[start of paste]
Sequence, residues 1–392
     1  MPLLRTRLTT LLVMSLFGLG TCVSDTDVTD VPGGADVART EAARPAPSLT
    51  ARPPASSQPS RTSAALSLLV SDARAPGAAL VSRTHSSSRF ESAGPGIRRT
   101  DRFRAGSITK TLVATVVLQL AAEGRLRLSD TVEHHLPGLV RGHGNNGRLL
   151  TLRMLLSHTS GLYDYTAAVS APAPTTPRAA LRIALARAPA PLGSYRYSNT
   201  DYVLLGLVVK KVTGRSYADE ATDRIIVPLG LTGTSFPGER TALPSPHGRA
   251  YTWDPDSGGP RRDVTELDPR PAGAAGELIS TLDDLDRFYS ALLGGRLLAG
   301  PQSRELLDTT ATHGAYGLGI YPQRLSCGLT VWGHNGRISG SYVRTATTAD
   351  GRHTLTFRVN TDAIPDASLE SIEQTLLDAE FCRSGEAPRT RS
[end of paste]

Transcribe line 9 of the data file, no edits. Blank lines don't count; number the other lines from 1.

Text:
   351  GRHTLTFRVN TDAIPDASLE SIEQTLLDAE FCRSGEAPRT RS